Slow progress, but Rush's hour is here at last

James McNair talks to the Rock and Roll Hall of Fame's latest inductees

When Foo Fighters' Dave Grohl and Taylor Hawkins inducted the veteran rock trio Rush into the Rock and Roll Hall of Fame this month, they did so with great affection and a winning mischievousness. For starters, they donned lengthy wigs and white silk kimonos, dressing as Rush circa 1976 to perform "Overture", the wonderfully grandiose opening track from the group's dystopian concept album, 2112.

That Grohl – modern rock's great tastemaker and Zelig figure – so relished inducting Rush is another mark of how far they have come. Formed in Toronto in 1968, Geddy Lee (bass and vocals), Alex Lifeson (guitar) and Neil Peart (drums) have sold more than 40 million albums, morphing from cherished outsiders to the biggest "cult" band in the world.

"For years, I think it was almost taboo for people to acknowledge the influence of such a freak-flag band as Rush," says Lee today ahead of the band's UK arena tour in May. "More recently, there's been a maturing of our audience into positions of success and power."

The band's mainstream acceptance – if that is what they are finally winning – has been a long time coming. Rolling Stone was sniffy about Rush for decades – and this despite a revelation from an insider there that the group were one of the magazine's most-requested cover stories. Lee's unusually high voice has also made things tricky at times, one critic famously describing him as sounding like "a chipmunk on acid".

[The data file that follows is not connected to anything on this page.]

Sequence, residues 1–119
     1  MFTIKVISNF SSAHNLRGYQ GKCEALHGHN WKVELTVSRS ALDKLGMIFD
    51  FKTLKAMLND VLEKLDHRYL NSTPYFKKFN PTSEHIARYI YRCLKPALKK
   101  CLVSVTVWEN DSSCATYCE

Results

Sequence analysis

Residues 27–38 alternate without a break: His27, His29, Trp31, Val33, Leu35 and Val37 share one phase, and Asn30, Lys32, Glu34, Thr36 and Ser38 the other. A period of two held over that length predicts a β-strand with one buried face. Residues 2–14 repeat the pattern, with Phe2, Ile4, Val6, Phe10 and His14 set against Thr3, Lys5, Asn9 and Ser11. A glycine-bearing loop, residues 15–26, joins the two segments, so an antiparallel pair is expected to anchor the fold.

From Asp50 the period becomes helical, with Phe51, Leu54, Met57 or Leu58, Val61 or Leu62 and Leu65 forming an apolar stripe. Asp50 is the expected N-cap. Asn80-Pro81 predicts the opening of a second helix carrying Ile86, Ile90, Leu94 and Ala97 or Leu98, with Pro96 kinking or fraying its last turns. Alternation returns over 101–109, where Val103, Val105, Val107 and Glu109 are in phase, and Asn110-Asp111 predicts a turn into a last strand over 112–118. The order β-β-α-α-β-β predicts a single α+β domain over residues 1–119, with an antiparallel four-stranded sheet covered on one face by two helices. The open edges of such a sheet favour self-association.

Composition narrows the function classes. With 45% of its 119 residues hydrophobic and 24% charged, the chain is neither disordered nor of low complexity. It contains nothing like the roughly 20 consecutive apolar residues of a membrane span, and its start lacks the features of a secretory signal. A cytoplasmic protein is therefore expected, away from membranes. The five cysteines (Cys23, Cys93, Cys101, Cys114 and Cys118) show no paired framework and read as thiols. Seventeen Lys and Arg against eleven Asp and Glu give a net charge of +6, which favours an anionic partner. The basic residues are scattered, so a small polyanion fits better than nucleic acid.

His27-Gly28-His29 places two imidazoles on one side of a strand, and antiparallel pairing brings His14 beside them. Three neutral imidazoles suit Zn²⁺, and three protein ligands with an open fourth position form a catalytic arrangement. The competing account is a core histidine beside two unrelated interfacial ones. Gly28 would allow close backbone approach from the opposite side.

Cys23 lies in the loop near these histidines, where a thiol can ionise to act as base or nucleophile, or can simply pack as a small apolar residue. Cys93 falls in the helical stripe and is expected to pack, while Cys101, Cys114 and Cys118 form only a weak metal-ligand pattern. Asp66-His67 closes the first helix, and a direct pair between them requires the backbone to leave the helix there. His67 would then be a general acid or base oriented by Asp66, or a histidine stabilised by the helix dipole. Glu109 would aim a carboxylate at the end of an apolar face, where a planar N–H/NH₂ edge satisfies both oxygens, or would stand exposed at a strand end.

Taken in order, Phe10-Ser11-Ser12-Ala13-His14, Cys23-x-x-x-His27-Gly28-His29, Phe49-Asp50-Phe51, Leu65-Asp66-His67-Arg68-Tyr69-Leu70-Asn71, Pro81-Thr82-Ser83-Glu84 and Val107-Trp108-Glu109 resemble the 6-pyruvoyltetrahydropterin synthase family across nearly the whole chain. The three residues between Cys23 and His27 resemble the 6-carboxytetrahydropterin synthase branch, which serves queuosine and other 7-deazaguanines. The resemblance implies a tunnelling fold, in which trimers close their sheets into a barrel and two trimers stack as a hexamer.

"'The damned howling in Hades' was another one," the singer laughs, "but it suited what we were doing back then and I was never going to change that. The gibes were painful at first; I'm a human being. I just grew a thick skin and learnt to accept that my voice is part of what makes Rush unique."

In truth, what's really odd about Rush's story is the persistence of certain key myths. It's odd, for example, that a band that has so consistently sent itself up (witness Lifeson's surreal acceptance speech at the Rock and Roll Hall of Fame via YouTube, or try Googling Lee as the kilt-wearing Scotsman Harry Satchel) is still sometimes seen as a po-faced act for whom Samuel Taylor Coleridge remains a lyrical touchstone.

"Yeah, that prog-rock style of music we were doing early on was a bit overblown and if you write an 11-minute song called 'Xanadu' it's probably inevitable that the critics will say you're pretentious", Lee says.